For many years George Thomson’s career mirrored that of his compatriot, Alex Young.  The stylish left back had emerged through Heart of Midlothian’s part time ranks in the mid-1950s, when he was an apprentice plasterer and Young an engineer. The two had subsequently turned professional and won Scottish League Championship medals in 1958 and 1960.  In November 1960, Thomson joined Everton as part of the deal that made Young an Everton player; Thomson was valued at £15,000.

The full back slotted in immediately to Johnny Carey’s rapidly evolving team, taking the place of T. E. Jones, who had reverted to left back following the emergence of Brian Labone. A polished and composed player, Thomson’s arrival effectively spelt the death knell of the former captain’s first team career. 

And yet for all the composure he brought to the Everton defence, Thomson struggled with the rapid pace of First Division football. Brian Harris provided sound cover from the wing half position, but when he pushed forward Thomson was left terribly exposed.  First choice left back for two years, Harry Catterick eventually preferred Mick Meagan and dropped Thomson midway through the 1962/63. He played enough games to claim a League Championship medal that season, but was sold to Brentford the following November.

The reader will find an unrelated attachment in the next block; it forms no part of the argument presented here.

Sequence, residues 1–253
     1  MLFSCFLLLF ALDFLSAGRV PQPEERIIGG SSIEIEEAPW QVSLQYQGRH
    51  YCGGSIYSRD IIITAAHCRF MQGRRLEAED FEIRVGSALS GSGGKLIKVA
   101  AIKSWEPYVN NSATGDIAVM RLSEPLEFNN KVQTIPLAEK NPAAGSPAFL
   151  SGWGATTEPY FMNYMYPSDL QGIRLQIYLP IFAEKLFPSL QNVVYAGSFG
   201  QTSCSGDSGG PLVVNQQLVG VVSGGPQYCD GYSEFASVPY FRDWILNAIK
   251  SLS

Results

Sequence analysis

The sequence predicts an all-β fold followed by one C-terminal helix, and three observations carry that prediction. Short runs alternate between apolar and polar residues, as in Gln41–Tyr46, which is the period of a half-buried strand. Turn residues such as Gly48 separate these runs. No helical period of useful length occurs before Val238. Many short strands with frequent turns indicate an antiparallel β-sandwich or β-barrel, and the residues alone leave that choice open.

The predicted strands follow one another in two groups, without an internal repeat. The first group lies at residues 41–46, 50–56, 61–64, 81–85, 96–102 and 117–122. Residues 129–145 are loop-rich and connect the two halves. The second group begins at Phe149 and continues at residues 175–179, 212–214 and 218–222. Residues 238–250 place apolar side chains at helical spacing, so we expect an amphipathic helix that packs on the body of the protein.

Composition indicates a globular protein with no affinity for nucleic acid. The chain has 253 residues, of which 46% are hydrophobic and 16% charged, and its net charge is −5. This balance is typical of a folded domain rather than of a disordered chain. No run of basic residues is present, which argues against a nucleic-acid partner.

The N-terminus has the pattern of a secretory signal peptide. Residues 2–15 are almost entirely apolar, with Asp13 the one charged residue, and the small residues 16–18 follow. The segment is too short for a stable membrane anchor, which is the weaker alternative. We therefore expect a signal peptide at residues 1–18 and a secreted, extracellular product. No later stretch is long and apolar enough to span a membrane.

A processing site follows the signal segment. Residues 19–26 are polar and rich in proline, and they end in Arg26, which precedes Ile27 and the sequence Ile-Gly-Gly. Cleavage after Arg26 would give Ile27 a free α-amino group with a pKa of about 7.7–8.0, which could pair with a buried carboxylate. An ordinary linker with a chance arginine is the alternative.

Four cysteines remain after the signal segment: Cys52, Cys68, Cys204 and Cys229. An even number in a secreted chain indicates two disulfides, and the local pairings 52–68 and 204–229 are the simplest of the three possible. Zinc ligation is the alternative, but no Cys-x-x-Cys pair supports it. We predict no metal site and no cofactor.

With his dark good looks, it seemed inevitable that Thomson should be compared to his fellow Scot, Sean Connery, who was making a name for himself as James Bond in Ian Fleming’s Dr No. To the unending amusement of his team mates, he would announce his arrival: ‘The name is Thomson, George Thomson.’  He was, recalled Alex Young, something of a ‘suave rascal’, but a sad character too, who often appeared lonely. Young would recall in his memoirs that in retirement Thomson struggled with life after football becoming something of a drifter, who would turn up unexpectedly, looking for hand outs.  Alas, he fell foul of the law, and died while serving a custodial sentence in Preston Prison for murder.